So on this Global Accessibility Awareness Day, let’s continue to work together to make the web as good as it can be, and offer thanks to everyone committed to the the pursuit of digital inclusion.   

W3C releases videos to celebrate Global Accessibility Awareness Day

The World Wide Web Consortium (W3C) Web Accessibility Initiative (WAI) Education and Outreach Working Group (EOWG) has published five videos ahead of Global Accessibility Awareness Day (GAAD).

The animated videos cover:

  • Easy Checks — A First Review of Web Accessibility
  • Evaluation Tools
  • Conformance Evaluation, including the Report Tool
  • Involving Users in Web Accessibility

The W3C has allowed the videos to be used freely under a Creative Commons License, including in upcoming GAAD promotions and events

Access when you least expect it: an interview with Jason McKee, Accessibility Shield

One of the things I’ve always been fascinated about is how people come to be involved in digital access work. Sometimes it can be a personal experience relating to disability, while for others there is a ‘light-bulb’ moment where a profound need to work in the field appears unexpectedly. One person that fits the bill for the latter is Jason McKee, Chief Marketing Officer at Accessibility Shield. In this interview, Jason discusses with me his passion for digital access, reflecting on accessibility in the Coronavirus era, the work he is undertaking with his company in the USA – and chainsaws!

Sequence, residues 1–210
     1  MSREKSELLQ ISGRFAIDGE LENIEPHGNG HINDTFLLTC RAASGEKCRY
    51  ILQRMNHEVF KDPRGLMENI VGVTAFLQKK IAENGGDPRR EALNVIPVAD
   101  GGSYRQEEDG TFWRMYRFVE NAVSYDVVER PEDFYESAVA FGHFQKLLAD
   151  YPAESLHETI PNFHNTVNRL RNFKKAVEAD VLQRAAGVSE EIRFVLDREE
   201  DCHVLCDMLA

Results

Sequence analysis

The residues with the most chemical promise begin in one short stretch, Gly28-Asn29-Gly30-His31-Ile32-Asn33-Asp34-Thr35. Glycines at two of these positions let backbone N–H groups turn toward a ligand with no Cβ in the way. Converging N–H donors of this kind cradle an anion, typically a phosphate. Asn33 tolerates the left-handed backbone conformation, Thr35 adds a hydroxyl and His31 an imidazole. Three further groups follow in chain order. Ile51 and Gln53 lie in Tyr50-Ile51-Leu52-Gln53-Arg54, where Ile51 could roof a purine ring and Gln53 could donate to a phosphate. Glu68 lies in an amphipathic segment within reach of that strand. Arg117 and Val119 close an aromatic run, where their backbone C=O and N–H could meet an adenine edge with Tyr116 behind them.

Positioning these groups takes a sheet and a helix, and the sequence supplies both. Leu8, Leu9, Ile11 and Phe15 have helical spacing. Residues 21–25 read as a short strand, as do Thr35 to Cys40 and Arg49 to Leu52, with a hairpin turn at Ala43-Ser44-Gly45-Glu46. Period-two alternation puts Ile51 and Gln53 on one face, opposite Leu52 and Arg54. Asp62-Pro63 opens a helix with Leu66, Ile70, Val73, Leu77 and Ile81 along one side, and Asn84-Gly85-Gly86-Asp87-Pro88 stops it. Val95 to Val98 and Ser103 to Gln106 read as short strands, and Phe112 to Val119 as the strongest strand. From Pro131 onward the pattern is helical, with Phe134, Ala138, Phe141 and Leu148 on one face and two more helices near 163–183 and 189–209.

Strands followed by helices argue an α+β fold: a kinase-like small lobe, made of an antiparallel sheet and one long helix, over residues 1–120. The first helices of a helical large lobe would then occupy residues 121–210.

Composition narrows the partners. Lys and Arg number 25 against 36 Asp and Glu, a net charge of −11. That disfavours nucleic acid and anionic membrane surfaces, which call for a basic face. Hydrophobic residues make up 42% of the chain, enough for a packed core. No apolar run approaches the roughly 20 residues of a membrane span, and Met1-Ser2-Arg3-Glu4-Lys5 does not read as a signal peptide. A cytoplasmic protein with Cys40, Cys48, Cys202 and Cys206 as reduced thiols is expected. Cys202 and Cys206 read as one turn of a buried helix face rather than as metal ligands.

Jason McKee

Scott: Thanks Jason for the opportunity to interview you. First up, what led you to work in the area of digital accessibity?

Jason: A few years ago I met with a client who was blind. We were meeting for a marketing campaign but the gentleman was using his screen reader when I entered the conference room and the sound stopped me in my tracks. He was listening so fast I couldn’t make out the words. He went on to tell me about how he accessed the web and how inaccessible it was. After that meeting I started to research accessibility and 7 days later I formed Accessibility Shield with my partners.

Scott: From that experience, what made you decide to put your efforts into starting Accessibility Shield?